This week the FTSE-100 touched 7,000 points, a smidge over its 1999 peak of 6,930. On the surface, this appears to be terrible performance, leaving you wondering if the FTSE-100 is actually a good investment. But dive under the surface to include dividends and you would’ve more than doubled your money. UK markets have a lot to offer.
FTSE-100 returns rely on dividends
It’s easy to look at the optics of the good ol’ home market’s performance and ponder whether returning flat over 20 whole years makes the FTSE-100 a good investment. It’s stocked with big, blue-chip, global mega-stars. Surely that’s got to do something for my account balance?! Well, it would if you’d invested then. And don’t call me Shirley.
What’s missing in the headline rate is the dividends the footsie dolls out. We’re actually known for being a very strong dividend paying market. 2020 involved a lot of pandemic related cuts, but 2019 – perhaps a normal year – paints a more realistic picture. According to research by Janus Henderson, UK companies paid $106bn in dividends in 2019; the US $535bn. Although around five times higher, it serves to remember that the latter’s market is ten times its size. Globally, the UK represents around 7.3% of all dividends paid.
It’s why, when mulling over if the FTSE-100 is a good investment, you need to think about including dividends. If you’d reinvested them over the 20 years since the previous peak, then your returns would stand at 116% today. In other words (numbers), £10,000 would have turned into £21,600.
Laith Khalaf, financial analyst at the UK’s second largest platform AJ Bell, describes the impact of dividends:
“The headline FTSE 100 index doesn’t include dividends, smaller companies, or any tailwind from active management, so it massively underplays the long term returns enjoyed by investors. The FTSE 100 works as a good day to day indicator of trading performance of the UK’s big blue chip companies, but over the longer term, it totally misses the mark for a stock market as generous with dividends as the UK.”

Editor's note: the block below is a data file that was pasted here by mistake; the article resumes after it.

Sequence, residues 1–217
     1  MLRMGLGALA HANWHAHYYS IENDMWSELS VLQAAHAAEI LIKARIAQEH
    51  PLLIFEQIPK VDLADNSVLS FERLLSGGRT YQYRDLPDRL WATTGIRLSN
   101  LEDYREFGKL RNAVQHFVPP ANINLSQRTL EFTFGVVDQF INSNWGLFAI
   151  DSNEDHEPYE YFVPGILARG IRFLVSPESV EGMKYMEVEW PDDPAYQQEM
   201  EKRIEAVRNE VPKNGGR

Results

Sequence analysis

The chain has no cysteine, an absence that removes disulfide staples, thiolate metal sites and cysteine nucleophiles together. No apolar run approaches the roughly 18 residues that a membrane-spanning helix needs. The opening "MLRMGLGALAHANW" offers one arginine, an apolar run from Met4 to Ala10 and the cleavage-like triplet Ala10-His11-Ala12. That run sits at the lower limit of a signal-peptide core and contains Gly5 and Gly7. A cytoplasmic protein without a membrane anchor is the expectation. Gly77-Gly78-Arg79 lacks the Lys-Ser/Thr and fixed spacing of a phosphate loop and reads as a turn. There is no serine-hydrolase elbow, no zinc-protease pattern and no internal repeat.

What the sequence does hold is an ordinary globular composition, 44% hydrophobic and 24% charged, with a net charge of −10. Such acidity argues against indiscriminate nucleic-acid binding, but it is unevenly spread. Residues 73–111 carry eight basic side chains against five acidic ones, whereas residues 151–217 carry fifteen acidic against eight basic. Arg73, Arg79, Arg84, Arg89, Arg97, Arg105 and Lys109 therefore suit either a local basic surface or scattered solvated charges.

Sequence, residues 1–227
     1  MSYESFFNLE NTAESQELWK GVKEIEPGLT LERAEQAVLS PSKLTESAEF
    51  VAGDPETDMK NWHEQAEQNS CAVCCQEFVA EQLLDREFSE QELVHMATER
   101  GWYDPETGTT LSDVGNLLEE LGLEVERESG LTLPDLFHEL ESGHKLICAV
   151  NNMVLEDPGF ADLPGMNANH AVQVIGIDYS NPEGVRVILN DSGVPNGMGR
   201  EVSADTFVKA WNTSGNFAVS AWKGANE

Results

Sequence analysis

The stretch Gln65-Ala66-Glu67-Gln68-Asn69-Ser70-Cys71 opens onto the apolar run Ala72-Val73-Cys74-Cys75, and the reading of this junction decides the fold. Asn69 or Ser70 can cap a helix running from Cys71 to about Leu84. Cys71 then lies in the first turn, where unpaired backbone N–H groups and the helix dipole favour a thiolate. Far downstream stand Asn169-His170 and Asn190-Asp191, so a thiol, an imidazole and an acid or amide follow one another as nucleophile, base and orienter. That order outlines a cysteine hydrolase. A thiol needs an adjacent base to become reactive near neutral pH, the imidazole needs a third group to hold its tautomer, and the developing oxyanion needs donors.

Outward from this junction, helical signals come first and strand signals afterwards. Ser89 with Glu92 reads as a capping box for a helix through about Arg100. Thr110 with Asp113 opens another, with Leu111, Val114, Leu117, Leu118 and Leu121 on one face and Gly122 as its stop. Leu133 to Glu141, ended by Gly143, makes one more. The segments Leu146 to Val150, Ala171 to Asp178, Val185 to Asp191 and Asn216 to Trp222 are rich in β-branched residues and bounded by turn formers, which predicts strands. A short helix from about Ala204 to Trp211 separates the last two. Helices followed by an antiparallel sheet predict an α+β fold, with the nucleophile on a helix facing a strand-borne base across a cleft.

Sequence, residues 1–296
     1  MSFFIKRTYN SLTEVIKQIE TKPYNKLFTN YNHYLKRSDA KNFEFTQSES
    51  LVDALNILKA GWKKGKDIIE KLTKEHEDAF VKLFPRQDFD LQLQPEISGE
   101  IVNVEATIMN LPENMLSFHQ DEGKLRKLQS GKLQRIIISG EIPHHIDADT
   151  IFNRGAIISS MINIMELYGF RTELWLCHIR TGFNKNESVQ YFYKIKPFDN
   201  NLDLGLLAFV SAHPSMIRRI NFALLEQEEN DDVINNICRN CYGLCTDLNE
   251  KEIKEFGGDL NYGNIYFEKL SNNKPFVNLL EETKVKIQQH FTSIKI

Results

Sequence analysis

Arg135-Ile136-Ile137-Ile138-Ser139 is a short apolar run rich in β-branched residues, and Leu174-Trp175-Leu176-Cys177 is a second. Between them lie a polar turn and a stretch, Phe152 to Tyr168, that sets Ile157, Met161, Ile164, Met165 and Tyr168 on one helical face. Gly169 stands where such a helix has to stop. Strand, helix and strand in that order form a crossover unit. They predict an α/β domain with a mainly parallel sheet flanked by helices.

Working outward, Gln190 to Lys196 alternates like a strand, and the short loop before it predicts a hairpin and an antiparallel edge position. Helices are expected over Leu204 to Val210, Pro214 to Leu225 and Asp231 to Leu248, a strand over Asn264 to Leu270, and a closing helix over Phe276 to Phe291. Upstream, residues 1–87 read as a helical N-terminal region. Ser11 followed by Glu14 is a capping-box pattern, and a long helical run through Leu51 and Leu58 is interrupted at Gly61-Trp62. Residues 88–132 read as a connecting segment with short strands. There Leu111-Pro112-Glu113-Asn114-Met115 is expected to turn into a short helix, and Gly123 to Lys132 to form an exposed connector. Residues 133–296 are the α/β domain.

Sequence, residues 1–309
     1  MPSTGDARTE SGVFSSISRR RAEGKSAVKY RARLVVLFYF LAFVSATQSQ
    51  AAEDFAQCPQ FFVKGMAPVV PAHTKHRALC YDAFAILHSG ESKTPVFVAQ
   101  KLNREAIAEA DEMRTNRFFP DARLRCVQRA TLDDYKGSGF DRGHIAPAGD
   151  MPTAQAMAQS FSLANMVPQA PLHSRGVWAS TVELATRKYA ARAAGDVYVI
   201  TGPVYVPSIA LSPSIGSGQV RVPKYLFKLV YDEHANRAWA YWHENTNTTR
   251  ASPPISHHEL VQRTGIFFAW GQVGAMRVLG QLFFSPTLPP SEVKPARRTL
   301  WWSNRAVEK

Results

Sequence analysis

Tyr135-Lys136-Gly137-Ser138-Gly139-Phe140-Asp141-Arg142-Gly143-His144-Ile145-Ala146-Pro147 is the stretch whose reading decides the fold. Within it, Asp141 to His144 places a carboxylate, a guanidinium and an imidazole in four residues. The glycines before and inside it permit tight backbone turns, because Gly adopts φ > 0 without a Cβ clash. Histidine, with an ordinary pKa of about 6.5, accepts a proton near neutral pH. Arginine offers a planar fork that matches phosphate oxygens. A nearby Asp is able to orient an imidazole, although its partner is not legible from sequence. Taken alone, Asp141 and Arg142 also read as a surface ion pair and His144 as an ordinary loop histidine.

Smaller companies still pay their way
FTSE-100 funds are not entirely representative of UK investor appetites however. It turns out we like some of the challengers to the big boys, and opt to put small and midsized businesses in our portfolios too. So what do these do for our returns, according to AJ Bell?
“While it’s the UK’s headline index, the FTSE 100 doesn’t act as the benchmark for most UK funds which will sit in investors’ portfolios. Instead these funds measure up to the FTSE All Share, which is around 80% constituted by the FTSE 100, but with the remainder made up of small and mid-caps.
“This index has risen 24% since the turn of the century, still not a great return, but when you add in the dividends paid by these companies, the picture improves enormously.
“With dividends reinvested, the FTSE All Share has returned 155%, turning a £10,000 investment into £25,540. This really demonstrates the compounding power of reinvesting dividends for future growth.”
The right fund managers earn their keep
So, the UK seems a worthwhile addition to our portfolios and dividends important, but are actively managed funds the way to invest here? As exchange traded funds (ETFs) enter the mainstream Investment Association (IA) sectors this week, the debate still rages over whether fund managers are worth the pennies. It turn out some very much are, as Khalaf adds:
“Active managers have added a bit of a tailwind too, even after charges, with the average UK fund registering a 166% total return over this period, compared to 155% from the FTSE All Share. Much of this additional return can likely be attributed to a higher weighting to midcaps (midsized companies) within the portfolios of many UK active managers, where returns have been exceptional.”
Khalaf points out the top performing active funds of the past 20 years. Although past performance may never be achieved again, strong long term performance at least points us in the right direction of reputable fund managers. Faith Archer discusses the other stuff to look at when choosing a fund here.